Above is a short clip of video from the first session of the Institute for New Economic Thinking conference launch where I am now in Cambridge, England.
I asked the conference organizers to pull out this exchange between Robert Kuttner and Richard Koo — in which Koo shares that he was trying to get his Lawrence Summers to level with the American people that the financial crisis we are working through is not just a common cold that can be easily shoved aside. As of late, Summers has been suggesting that the economy is approaching take off velocity again and that the largely traditional framework for dealing with recessions worked during the recent economic shock too.
This panel featured the New Yorker‘s John Cassidy as moderator with presenters Richard Koo, Chief Economist of Nomura Research Institute, and Kenneth Rogoff, who is the former Chief Economist of the International Monetary Fund and now Thomas D. Cabot Professor of Public Policy and Professor of Economics at Harvard University.
The full session is interesting and should be watched in full. I’ll post the entire session as soon as the conference organizers get it posted.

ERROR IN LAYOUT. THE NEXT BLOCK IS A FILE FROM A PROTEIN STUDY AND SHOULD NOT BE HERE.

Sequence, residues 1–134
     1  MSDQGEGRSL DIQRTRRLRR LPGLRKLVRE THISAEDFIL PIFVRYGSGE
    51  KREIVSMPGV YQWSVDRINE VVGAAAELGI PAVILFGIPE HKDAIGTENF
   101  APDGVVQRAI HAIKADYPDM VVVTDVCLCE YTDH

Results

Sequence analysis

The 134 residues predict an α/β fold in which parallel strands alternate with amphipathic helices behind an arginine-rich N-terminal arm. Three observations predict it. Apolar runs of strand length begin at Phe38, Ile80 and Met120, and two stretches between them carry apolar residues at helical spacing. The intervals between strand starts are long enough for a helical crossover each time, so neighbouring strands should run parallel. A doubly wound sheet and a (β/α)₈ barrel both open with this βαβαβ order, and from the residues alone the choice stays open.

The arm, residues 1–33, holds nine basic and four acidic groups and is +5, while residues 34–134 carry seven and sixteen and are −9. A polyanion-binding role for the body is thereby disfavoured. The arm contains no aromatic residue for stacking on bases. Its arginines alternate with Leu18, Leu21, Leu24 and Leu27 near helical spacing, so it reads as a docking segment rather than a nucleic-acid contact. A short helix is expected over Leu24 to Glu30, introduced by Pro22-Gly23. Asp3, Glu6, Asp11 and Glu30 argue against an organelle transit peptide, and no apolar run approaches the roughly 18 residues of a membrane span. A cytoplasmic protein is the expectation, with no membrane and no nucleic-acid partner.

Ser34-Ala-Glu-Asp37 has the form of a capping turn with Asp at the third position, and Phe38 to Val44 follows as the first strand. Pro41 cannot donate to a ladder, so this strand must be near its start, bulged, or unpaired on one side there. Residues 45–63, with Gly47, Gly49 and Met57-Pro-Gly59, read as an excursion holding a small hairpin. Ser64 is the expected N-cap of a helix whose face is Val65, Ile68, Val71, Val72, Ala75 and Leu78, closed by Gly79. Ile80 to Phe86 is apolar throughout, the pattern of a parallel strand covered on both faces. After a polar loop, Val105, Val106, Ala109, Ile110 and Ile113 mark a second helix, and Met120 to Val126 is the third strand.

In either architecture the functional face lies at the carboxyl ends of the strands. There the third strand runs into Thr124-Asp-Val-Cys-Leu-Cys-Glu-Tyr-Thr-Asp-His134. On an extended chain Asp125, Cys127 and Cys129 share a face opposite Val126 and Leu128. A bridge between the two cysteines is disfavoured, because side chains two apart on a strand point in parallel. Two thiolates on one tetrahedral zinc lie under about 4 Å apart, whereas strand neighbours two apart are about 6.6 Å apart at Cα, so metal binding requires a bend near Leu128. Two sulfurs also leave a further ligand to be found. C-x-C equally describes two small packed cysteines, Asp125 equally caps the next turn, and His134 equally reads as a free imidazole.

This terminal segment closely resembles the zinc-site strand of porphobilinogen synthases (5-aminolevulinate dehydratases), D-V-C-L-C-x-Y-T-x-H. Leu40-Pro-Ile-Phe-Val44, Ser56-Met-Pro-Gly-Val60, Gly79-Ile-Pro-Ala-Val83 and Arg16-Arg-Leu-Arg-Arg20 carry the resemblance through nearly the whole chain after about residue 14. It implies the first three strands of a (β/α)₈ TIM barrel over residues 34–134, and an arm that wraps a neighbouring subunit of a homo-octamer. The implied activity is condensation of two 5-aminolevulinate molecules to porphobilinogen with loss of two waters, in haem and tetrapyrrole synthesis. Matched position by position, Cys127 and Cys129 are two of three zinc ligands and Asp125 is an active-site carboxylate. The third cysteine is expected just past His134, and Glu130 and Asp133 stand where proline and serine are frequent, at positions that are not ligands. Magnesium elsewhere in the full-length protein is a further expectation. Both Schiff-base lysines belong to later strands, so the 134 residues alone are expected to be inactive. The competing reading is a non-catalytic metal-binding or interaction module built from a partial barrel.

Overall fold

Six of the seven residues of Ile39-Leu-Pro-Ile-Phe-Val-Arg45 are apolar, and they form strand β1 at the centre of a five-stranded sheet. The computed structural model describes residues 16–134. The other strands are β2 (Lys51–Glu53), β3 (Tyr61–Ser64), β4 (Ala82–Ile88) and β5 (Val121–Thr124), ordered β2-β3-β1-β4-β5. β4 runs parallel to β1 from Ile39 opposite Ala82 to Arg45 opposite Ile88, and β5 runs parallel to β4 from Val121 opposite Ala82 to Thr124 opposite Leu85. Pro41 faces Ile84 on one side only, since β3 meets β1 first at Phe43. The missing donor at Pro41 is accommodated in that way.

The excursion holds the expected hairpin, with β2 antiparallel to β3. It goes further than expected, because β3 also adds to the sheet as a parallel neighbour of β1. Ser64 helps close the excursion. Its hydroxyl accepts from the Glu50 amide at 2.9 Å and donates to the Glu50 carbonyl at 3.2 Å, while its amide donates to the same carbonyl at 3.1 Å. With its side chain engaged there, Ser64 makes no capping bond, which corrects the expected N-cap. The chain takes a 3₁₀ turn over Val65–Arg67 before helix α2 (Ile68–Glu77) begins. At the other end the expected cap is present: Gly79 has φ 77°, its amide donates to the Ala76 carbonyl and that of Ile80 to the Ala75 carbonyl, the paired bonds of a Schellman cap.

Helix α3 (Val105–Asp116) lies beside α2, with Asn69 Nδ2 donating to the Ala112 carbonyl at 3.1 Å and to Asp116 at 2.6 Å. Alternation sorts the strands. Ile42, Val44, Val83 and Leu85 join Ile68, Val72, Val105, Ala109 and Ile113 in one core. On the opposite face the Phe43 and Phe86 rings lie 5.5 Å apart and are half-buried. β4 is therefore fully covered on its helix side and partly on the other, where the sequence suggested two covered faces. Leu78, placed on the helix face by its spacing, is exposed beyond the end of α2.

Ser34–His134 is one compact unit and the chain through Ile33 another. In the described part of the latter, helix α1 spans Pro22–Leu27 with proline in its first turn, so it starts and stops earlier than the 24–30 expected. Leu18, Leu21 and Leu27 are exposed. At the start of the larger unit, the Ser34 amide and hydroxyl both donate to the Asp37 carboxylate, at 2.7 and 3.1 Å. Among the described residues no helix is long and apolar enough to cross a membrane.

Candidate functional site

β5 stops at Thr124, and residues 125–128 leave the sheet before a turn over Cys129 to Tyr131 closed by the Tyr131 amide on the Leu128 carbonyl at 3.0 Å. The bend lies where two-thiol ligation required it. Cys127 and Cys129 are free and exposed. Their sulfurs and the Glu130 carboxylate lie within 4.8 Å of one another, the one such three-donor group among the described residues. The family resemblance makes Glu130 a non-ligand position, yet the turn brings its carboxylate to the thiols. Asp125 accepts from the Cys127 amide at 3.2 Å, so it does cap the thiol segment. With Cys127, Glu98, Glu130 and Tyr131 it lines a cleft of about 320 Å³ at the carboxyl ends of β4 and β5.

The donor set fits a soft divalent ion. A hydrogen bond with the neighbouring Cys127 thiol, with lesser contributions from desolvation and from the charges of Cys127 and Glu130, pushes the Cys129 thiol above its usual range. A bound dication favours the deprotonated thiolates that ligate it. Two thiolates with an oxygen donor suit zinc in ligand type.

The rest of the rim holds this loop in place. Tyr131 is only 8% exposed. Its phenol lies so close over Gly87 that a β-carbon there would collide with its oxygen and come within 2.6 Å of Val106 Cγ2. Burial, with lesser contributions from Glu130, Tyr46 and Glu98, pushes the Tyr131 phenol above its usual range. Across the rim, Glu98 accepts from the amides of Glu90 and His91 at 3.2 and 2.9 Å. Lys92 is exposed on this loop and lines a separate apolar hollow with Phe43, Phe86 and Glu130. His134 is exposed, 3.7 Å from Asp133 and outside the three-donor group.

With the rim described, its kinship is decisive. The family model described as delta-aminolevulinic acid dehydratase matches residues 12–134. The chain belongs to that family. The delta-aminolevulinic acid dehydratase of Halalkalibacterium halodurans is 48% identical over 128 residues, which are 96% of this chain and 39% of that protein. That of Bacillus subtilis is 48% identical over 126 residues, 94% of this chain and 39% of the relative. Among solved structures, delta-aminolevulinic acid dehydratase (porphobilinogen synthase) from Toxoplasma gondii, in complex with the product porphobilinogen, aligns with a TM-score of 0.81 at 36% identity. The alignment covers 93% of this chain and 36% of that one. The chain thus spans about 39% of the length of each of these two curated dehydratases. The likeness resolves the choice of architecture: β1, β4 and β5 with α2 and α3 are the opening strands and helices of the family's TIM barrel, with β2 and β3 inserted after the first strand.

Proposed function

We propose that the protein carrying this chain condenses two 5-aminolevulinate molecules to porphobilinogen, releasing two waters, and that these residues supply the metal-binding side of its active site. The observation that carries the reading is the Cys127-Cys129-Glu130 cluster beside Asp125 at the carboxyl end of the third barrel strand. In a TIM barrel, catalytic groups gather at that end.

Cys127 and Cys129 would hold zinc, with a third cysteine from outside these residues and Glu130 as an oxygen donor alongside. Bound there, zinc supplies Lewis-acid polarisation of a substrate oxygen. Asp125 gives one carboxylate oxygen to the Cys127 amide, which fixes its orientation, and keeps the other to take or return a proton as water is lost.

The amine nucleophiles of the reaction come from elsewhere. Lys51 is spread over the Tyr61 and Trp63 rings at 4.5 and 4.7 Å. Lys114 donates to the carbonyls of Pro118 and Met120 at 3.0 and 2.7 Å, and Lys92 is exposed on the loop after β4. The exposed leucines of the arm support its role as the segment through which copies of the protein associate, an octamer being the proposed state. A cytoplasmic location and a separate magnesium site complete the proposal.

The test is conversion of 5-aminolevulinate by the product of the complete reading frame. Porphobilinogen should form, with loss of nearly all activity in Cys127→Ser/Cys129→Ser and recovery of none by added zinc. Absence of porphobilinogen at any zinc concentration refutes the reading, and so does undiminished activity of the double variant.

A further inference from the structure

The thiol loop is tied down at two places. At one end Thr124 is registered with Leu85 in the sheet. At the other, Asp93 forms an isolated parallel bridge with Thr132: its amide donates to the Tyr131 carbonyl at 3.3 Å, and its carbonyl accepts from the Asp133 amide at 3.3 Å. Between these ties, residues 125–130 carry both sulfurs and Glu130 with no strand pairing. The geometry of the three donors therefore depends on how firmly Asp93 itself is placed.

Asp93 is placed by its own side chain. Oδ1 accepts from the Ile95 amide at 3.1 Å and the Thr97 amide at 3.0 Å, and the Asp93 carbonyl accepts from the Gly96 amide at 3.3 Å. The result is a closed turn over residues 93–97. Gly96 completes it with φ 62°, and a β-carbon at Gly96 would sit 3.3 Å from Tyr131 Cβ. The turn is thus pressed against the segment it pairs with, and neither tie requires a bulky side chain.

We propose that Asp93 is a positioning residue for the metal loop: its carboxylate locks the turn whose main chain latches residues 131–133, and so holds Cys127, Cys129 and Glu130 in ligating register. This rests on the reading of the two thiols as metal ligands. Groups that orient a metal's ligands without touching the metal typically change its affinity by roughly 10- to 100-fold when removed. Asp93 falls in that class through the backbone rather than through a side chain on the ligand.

During the meeting, Richard Koo makes a compelling case that Japan’s real estate bubble burst tracks nearly identically with America’s sub-prime loan triggered crisis, both in the depth and duration of economic trauma. Koo argues that democracies in times of peace have a difficult time maintaining a disciplined fiscal stimulus economic priming strategy as forces of fiscal conservatism often set in before recovery is secure.
Rogoff, in contrast, aligns himself with the fiscally conservative, anti-Keynsian crowd.
The meeting was packed and took place in Keynes Hall at Kings College — with a distinguished bronze statue of Lord John Maynard Keynes in the room, seemingly absorbing the discussion and scene.
Rogoff, in his opening remarks, refers to a quip from his co-author on his recently published This Time is Different: Eight Centuries of Financial Folly.
He said that Carmen Reinhart often looks at her “watch” in talking about the comparison of the financial crisis in the US to other crises — in this case Sweden which was largely resolved in a year. Now that the US is going on two years of wrestling with its economic mess, Reinhart says that “the US is not on Nordic time any more — and policymakers are speaking Japanese without knowing it.”
This conference is fascinating — a mix of serious economic theorists and modelers and policy practitioners.
— Steve Clemons